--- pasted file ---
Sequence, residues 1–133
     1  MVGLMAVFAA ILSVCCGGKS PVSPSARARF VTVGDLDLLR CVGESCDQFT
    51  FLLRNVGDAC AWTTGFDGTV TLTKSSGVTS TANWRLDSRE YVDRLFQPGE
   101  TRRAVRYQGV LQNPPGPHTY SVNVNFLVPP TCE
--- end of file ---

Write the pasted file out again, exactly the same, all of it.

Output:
Sequence, residues 1–133
     1  MVGLMAVFAA ILSVCCGGKS PVSPSARARF VTVGDLDLLR CVGESCDQFT
    51  FLLRNVGDAC AWTTGFDGTV TLTKSSGVTS TANWRLDSRE YVDRLFQPGE
   101  TRRAVRYQGV LQNPPGPHTY SVNVNFLVPP TCE